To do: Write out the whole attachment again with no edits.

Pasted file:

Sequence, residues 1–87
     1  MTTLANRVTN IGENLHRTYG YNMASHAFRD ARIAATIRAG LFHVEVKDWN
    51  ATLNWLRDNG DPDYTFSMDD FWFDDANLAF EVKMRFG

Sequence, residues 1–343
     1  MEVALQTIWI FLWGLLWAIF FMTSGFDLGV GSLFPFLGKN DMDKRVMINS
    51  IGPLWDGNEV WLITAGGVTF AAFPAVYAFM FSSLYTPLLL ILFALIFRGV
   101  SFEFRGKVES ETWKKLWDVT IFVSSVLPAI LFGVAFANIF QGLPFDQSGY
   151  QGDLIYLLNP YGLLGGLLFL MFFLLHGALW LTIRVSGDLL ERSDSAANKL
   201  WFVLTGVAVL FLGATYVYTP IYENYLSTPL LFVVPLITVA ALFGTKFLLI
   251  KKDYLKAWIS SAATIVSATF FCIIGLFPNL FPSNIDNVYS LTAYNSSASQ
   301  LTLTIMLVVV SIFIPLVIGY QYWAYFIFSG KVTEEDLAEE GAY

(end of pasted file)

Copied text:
Sequence, residues 1–87
     1  MTTLANRVTN IGENLHRTYG YNMASHAFRD ARIAATIRAG LFHVEVKDWN
    51  ATLNWLRDNG DPDYTFSMDD FWFDDANLAF EVKMRFG

Sequence, residues 1–343
     1  MEVALQTIWI FLWGLLWAIF FMTSGFDLGV GSLFPFLGKN DMDKRVMINS
    51  IGPLWDGNEV WLITAGGVTF AAFPAVYAFM FSSLYTPLLL ILFALIFRGV
   101  SFEFRGKVES ETWKKLWDVT IFVSSVLPAI LFGVAFANIF QGLPFDQSGY
   151  QGDLIYLLNP YGLLGGLLFL MFFLLHGALW LTIRVSGDLL ERSDSAANKL
   201  WFVLTGVAVL FLGATYVYTP IYENYLSTPL LFVVPLITVA ALFGTKFLLI
   251  KKDYLKAWIS SAATIVSATF FCIIGLFPNL FPSNIDNVYS LTAYNSSASQ
   301  LTLTIMLVVV SIFIPLVIGY QYWAYFIFSG KVTEEDLAEE GAY